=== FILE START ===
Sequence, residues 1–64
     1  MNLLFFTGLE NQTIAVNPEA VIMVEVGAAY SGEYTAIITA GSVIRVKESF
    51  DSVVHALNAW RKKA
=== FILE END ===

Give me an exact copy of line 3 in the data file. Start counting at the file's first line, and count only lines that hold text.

    51  DSVVHALNAW RKKA